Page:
In mid-July, the Ohio Department of Transportation said the Anthony Wayne Trail bridge replacement project near City Park Avenue was close to on time, with the Norfolk Southern railroad having just agreed to a demolition plan for the structure over its tracks.
By late last week, however, ODOT reported that the aggressively scheduled project was about a month behind, with little progress made on tearing out the bridge’s downtown-bound lanes.
The problem, project engineer Mike Benton said, was that Norfolk Southern often did not provide a flagman that the railroad requires on construction sites involving active tracks to communicate with trains.
And when a flagman was present, contractor Miller Brothers Construction often had trouble getting time between trains to do the necessary demolition work.
“Track time was hard to get. We knew that would happen, but we also didn’t consistently have a flagger available,” he said.
Flagmen have staffed the work site all of last week and this week, Mr. Benton said. But the delay has made uncertain ODOT’s goal of reopening the bridge’s northbound side — which when rebuilt will be wide enough for two lanes of traffic each way — before winter.
“Our goal is to have, by mid-November, two lanes each way,” the project engineer said.
Jonathan Glass, a Norfolk Southern spokesman, said the railroad has “taken steps to ensure that flaggers will be available as needed going forward,” but cautioned that “track time” will still be hard to get, especially for the next two weeks.
The NS rail line through Toledo that the bridge spans is “one of our busiest main lines” and the 85 or so freight trains that use it on a typical day include ones hauling “time-sensitive intermodal freight,” Mr. Glass said.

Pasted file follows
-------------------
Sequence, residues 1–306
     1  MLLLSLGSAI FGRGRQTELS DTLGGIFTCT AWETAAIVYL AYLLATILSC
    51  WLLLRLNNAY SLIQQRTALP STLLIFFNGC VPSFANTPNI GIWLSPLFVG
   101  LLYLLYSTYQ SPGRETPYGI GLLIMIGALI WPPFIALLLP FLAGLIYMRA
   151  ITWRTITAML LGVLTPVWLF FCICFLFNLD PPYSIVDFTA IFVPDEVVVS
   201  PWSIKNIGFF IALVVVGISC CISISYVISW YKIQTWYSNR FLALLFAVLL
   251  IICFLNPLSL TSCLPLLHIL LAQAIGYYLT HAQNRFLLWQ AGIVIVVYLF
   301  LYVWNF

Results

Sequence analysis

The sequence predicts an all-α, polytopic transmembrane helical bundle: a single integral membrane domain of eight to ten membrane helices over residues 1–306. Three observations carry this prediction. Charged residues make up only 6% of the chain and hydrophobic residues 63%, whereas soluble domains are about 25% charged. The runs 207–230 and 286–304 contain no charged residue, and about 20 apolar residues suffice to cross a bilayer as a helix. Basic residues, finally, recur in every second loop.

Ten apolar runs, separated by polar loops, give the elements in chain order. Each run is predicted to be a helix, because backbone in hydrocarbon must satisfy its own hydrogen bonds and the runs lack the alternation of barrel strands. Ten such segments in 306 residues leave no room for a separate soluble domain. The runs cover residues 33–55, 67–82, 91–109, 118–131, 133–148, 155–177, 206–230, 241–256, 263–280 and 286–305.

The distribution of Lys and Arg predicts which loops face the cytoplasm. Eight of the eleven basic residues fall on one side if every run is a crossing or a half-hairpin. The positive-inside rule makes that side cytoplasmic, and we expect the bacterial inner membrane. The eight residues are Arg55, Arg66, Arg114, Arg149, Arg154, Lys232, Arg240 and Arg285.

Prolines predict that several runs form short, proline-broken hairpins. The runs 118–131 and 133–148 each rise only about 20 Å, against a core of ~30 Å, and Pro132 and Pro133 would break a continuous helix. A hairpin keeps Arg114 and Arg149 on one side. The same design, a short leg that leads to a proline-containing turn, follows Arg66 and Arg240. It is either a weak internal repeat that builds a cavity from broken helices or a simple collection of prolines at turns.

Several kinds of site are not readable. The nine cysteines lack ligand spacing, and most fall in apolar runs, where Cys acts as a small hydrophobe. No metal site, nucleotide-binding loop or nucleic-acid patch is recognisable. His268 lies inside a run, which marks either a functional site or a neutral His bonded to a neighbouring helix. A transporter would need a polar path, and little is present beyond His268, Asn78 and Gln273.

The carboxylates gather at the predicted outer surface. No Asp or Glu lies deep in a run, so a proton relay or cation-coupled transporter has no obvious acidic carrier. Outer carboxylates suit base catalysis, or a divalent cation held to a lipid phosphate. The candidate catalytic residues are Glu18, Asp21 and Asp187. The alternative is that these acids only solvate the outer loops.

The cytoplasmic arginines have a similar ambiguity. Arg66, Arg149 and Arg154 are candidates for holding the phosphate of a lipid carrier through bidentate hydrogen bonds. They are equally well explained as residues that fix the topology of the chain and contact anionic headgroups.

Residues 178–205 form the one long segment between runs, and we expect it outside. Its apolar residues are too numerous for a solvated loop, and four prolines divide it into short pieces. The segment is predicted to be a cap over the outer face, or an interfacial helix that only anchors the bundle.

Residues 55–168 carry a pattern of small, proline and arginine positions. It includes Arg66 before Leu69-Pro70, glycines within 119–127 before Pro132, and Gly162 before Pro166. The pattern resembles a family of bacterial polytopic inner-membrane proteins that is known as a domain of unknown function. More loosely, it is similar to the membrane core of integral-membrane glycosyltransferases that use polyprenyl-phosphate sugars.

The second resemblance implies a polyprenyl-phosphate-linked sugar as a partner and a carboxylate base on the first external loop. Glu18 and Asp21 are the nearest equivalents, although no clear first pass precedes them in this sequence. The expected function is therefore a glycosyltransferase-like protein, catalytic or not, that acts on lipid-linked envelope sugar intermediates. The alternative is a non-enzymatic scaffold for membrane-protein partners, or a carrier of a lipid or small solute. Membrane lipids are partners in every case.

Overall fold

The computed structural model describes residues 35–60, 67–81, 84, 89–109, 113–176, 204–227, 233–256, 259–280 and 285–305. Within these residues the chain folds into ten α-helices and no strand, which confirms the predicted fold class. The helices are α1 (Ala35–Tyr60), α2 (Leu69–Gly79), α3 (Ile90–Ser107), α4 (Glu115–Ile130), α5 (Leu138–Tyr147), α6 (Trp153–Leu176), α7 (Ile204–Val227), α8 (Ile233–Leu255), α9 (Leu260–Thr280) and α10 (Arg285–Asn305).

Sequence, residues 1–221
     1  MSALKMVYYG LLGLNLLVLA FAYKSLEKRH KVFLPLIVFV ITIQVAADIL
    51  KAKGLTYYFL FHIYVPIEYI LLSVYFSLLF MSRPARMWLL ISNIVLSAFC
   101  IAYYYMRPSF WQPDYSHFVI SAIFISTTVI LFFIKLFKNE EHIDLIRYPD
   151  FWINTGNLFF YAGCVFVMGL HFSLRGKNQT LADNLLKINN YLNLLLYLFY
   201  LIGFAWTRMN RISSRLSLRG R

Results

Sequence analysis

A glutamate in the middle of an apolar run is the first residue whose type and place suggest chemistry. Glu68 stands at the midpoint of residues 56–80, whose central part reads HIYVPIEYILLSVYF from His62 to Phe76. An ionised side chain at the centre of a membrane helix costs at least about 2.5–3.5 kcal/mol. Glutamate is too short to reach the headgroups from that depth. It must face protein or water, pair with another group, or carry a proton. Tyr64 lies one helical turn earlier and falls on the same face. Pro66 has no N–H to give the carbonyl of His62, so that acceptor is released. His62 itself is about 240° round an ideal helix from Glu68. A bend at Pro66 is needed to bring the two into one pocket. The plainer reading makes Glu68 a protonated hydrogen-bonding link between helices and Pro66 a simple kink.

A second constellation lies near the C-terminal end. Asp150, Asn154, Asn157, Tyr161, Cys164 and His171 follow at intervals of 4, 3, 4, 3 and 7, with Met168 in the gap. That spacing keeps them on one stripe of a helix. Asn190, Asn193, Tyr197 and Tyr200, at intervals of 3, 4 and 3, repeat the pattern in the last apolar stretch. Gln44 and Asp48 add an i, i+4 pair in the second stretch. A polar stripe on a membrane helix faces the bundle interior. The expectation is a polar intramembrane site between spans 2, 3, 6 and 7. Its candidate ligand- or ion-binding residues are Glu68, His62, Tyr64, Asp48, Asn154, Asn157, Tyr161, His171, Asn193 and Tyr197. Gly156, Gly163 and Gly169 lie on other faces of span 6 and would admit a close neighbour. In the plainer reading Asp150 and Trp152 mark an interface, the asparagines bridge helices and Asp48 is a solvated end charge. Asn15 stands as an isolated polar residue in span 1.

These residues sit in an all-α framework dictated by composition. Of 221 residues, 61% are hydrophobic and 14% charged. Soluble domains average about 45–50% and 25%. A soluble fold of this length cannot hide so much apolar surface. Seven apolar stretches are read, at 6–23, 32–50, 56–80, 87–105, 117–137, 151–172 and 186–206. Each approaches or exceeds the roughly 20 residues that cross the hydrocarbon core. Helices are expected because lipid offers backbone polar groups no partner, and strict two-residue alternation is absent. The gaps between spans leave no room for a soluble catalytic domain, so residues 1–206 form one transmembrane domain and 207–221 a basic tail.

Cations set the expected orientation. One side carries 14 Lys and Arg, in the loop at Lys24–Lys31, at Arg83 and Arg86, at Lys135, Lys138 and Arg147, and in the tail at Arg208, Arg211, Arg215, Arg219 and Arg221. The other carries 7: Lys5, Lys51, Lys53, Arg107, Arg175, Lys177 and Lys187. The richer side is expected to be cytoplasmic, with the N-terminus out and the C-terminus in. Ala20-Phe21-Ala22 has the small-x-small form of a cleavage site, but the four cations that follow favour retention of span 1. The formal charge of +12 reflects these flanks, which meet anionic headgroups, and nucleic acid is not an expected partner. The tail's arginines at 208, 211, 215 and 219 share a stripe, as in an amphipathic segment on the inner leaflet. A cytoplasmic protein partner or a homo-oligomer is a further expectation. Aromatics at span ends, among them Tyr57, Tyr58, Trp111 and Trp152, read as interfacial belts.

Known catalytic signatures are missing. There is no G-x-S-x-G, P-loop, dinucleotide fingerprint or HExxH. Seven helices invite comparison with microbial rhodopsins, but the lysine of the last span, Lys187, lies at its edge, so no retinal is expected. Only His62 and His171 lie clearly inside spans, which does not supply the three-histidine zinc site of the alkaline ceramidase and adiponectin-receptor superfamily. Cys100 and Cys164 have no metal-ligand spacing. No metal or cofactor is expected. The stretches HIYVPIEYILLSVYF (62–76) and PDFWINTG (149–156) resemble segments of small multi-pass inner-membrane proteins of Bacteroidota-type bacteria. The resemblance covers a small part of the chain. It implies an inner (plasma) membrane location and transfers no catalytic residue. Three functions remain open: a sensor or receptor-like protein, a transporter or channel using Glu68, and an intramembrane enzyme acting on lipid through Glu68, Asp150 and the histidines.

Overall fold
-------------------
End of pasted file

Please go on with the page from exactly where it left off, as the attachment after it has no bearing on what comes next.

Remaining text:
Complicating matters since early June, Mr. Glass said, is work NS itself has been doing in the Toledo area to replace rail on its tracks, which reduces the amount of time it can shut tracks down at the ODOT site.
“After the rail gang completes its work, in about another two weeks, Norfolk Southern expects to be able to increase the availability of track time for ODOT’s contractor,” the railroad spokesman said.
Flagmen, normally drawn from the pool of conductors who work on a particular part of a railroad, serve as liaisons between a railroad-related construction project’s on-site supervisors and railroad operating personnel, including train crews and dispatchers.
They communicate by radio with the train crews — instructing engineers as to when and at what speed their trains may pass through a work zone — and advise construction crews about when and for how long they’ll be able to work before the next train’s approach.
Mr. Benton said even small amounts of “track time” are beneficial.
“We could get several hours on some days, but none on others,” he said. “Even if they [construction workers] can get half an hour, they can get a lot done.”
Mr. Glass blamed the initial trouble with scheduling flagmen on “communication issues and getting things coordinated during the initial startup of the project.”
The Trail bridge project, however, has been planned for years, and is not the first such project involving Norfolk Southern in the Toledo area to have trouble with flagman assignments.
Two years ago, replacement of the Miami Street bridge over the same busy railroad line in East Toledo also encountered delays that project officials blamed on inconsistent assignment of flagmen.
Even greater was the delay incurred after unmarked railroad communications cables were found in the path of construction, prompting project engineers to redesign the structure.
Its completion was delayed by about eight months and it ended up $1.13 million over its original $2.125 million contracted cost.
Ignazio Messina, a city spokesman, said the city subsequently identified $780,000 in expenses that it attributed to Norfolk Southern and sent the railroad a bill that has gone unacknowledged for about a year.
“The city of Toledo is also in receipt of an invoice from NSRR in 2017 for $232,000 for railroad flagmen expenses,” Mr. Messina said. “The city of Toledo is withholding payment of that invoice pending resolution of the overruns.”
Mr. Benton said it’s too early to know yet whether the current project’s delays will affect its overall cost or final completion date, slated for late next year.
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